As another result of the French Revolution wars were raging
around Europe and yet wider. The Napolenic wars stretched from Nordkapp to Cairo
and from Moscow to the Atlantic Ocean. After wars that lasted a quarter of a
century Napoleon was defeated. This resulted in the Vienna Conference which set
out to bring order back to Europe. Even while negotiations were taking place
Napoleon escaped from Elba and started new wars. He was defeated a second time
and only then was the Conference able to continue. By 1815 international
boundaries were established in Europe and steps taken that were supposed to
prevent any further revolutions or uprisings.
Then the general feeling among the rulers was quite restless
in Europe. They did not trust on a lasting peace and tried to get prepared for
new wars. The mapping for military purposes was appreciated and all steps to its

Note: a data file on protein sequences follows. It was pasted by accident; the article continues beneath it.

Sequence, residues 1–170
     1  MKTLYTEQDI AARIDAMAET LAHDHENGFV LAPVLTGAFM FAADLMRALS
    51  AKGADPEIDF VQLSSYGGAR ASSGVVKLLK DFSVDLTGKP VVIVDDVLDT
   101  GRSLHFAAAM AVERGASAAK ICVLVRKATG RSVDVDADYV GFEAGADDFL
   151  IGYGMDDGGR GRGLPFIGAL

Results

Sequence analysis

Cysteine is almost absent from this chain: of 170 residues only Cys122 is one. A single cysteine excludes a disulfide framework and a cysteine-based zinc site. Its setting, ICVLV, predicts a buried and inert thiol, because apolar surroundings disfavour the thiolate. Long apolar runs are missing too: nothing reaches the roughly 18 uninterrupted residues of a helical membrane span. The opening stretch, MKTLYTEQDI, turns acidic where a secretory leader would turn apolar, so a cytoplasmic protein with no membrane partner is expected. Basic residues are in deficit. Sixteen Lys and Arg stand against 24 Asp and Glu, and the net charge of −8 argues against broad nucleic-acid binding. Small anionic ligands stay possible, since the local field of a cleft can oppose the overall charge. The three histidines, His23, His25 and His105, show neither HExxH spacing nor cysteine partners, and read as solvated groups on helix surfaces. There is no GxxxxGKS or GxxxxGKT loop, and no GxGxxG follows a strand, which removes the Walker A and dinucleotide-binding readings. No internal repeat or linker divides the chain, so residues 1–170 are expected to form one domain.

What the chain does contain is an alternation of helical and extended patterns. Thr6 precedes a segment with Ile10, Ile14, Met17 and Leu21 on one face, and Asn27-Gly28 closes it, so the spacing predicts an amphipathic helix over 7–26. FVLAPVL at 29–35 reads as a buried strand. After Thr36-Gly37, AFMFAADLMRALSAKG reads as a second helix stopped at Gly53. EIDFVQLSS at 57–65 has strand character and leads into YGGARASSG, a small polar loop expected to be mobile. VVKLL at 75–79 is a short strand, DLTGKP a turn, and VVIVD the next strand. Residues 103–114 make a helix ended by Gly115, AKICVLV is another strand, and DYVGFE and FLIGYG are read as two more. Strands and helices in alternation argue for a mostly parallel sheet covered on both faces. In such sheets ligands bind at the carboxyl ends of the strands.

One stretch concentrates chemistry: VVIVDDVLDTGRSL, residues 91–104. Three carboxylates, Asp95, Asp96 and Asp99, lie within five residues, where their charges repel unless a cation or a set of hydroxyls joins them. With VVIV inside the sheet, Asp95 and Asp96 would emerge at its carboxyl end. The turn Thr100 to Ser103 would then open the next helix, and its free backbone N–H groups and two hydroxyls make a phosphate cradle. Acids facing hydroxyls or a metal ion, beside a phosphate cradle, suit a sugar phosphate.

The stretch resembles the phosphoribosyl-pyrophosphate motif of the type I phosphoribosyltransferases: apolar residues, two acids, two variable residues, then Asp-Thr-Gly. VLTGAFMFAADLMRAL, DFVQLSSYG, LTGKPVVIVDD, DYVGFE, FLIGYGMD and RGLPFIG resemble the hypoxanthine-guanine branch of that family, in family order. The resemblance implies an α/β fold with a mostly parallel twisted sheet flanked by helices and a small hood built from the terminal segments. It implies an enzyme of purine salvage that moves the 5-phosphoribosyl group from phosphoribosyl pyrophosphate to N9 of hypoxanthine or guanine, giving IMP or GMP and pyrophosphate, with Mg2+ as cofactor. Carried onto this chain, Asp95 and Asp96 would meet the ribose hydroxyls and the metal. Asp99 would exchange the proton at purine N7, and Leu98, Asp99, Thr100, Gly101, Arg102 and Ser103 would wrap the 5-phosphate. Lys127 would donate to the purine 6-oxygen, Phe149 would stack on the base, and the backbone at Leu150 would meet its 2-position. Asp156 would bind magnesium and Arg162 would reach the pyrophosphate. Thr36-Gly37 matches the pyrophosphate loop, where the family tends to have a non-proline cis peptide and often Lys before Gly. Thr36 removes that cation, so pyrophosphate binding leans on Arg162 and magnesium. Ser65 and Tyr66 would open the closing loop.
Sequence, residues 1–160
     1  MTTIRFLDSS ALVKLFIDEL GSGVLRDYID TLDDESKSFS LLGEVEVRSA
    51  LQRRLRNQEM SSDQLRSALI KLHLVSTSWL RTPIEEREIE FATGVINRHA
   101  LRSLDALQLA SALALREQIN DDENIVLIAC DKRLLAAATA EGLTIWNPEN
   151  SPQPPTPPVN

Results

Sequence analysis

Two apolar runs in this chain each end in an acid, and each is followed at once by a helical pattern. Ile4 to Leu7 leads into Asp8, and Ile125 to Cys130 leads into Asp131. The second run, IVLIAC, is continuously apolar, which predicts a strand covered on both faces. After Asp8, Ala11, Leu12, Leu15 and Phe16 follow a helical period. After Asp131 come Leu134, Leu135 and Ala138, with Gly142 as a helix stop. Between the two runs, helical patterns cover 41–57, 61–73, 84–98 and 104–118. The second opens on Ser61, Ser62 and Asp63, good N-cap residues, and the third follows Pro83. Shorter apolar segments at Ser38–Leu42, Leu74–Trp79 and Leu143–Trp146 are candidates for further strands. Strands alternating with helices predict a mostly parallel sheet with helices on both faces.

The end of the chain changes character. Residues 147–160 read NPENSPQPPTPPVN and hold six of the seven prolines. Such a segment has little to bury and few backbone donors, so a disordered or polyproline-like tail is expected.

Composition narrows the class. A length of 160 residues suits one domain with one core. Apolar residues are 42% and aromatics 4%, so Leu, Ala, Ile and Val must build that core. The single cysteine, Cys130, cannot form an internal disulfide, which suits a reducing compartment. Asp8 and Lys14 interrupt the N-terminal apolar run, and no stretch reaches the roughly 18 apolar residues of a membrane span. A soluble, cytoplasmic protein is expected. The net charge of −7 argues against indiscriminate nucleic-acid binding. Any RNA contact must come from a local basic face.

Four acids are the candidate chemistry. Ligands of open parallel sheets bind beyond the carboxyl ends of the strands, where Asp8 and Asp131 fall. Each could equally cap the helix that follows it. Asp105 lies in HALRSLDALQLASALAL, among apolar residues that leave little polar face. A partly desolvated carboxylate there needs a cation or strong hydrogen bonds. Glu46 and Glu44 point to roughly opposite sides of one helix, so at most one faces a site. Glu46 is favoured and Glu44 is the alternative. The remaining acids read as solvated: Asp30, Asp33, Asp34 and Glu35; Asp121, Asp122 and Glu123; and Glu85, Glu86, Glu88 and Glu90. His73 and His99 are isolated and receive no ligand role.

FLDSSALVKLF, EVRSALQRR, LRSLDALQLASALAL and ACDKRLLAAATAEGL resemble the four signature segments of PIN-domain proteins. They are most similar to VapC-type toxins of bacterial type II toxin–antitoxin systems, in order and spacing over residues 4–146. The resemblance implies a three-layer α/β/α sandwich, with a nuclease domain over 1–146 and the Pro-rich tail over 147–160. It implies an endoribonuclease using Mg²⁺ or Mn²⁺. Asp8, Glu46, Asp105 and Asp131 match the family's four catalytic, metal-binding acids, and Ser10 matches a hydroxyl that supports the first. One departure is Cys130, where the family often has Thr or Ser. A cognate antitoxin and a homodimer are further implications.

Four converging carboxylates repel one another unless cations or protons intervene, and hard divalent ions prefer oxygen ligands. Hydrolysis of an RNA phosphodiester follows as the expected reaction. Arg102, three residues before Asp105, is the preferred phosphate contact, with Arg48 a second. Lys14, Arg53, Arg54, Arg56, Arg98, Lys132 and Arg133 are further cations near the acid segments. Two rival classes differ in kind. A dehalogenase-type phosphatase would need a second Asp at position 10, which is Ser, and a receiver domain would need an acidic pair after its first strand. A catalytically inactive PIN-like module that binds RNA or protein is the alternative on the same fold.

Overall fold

promoting were advanced.
The proper framework for the topographic mapping was a
problem at that time. As a lower order framework polygonic traversing was
available. The higher order was more complicated. The astronomic observations
were too difficult to the density needed in traversing, especially due to the
determinations of the longitude. In addition, the coordinate system required
still the final word of ellipsoid dimensions.
Especially in Russia both needs were felt deeply, the need of
fundaments of geodetic surveys and the fundaments of map grids. Every attempt to
foster new knowledge of them was favoured. The proposal of the Estonian
astronomer Wilhelm Struve to Czar of Russia combined both elements. In addition,